Culling Seedlings

So you've done the hard work.  With swelling pride you admire the hundreds of beautiful seedlings that now carpet your patch.  Unfortunately, it's time to pick winners.  Culling seedlings is an essential skill for maintaining and growing a healthy garden, and you cannot be sentimental about it.

If you did a good job planting seeds and watering (we know that you did!), the resultant seedlings will inevitably start to crowd one another.  The informed gardener understands that mature plants will need their space and, like buying large shoes for a growing child, you must thin your seedlings so that the remaining plants may grow into the space. 

It's important to thin the plants early, before the roots become intertwined.  The above image shows two kale seedlings that have been allowed to grow too long.  The removal of one plant will damage and possibly kill the other, while leaving them together will mean they are in constant competition for water and sunlight.  By getting to the seedlings early, you can avoid this dilemma and allow the plants to reach their full potential.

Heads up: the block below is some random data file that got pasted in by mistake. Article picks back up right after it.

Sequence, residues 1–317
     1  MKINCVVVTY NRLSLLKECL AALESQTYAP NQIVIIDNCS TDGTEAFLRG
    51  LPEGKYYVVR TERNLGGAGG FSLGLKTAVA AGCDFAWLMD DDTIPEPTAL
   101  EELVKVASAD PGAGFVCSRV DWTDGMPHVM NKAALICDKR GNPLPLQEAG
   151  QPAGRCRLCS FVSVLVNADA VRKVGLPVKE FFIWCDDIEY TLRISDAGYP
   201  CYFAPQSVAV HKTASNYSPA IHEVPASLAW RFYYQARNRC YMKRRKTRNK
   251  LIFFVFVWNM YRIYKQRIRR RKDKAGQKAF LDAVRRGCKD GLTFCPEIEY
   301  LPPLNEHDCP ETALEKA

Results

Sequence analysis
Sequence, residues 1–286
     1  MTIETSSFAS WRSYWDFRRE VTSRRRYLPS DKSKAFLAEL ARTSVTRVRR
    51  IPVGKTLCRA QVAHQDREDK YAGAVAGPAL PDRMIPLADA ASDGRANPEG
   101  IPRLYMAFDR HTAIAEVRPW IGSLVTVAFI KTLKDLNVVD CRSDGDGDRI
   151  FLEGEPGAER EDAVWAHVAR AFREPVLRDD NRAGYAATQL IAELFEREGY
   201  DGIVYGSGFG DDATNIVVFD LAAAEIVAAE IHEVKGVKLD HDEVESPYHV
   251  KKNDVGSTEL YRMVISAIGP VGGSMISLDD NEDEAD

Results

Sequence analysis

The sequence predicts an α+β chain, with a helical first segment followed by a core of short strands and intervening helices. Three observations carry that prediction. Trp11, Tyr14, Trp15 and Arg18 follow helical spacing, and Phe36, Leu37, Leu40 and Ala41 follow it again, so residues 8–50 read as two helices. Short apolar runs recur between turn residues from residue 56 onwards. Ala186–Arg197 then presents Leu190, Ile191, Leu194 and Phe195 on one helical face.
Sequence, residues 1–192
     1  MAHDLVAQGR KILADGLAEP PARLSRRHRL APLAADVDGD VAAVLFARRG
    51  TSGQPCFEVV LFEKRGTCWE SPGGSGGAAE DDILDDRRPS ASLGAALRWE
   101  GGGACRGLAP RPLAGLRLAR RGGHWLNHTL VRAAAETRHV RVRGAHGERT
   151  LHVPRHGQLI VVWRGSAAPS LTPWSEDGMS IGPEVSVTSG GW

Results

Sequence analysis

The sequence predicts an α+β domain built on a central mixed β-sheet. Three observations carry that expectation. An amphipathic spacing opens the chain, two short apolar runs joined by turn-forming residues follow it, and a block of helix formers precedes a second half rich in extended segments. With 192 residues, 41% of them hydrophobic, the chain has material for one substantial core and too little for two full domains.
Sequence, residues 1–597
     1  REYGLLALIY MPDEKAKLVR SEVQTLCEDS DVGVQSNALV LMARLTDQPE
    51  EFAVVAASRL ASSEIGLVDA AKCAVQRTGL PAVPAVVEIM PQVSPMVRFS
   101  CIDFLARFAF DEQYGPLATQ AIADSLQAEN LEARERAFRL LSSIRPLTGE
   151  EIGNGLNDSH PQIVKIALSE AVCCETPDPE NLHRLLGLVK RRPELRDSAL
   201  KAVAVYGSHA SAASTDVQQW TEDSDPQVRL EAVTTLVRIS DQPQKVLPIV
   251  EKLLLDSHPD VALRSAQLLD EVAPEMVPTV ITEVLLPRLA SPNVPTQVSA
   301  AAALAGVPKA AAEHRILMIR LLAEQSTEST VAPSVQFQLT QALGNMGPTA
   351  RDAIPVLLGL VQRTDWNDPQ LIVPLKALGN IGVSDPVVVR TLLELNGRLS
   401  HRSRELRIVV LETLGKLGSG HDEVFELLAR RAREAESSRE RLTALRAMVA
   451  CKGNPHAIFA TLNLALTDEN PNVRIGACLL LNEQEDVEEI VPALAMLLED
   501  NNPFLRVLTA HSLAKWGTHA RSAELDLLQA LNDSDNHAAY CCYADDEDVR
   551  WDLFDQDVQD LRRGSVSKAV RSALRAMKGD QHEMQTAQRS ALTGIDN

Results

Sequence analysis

These beetroot seedlings are just the right size to separate.  They are healthy and thriving, yet not large enough to have extensive root systems.  Pinch the seedling you wish to keep, holding it firmly but not crushing it.  With the other hand, grab the adjacent seedling, lightly jiggling and pulling the runt from the ground.  Be tough, shut your eyes if you have to... it will get easier. 

Some gardeners like to cull in several stages.  For large plants such as tomatoes and zucchini, the informed gardener will cull when seedlings are very small and then again when they start to sprawl and interfere with one another.

Be as sentimental as you want once the seedlings are out of the ground.  In many cases you may be able to offer them to friends or neighbors, particularly plants that undergo multiple rounds of culling.  Whether you sing a song and put a candle in your window, or simply toss the seedlings in the compost, the important part is that each plant is given the best opportunity to thrive. 

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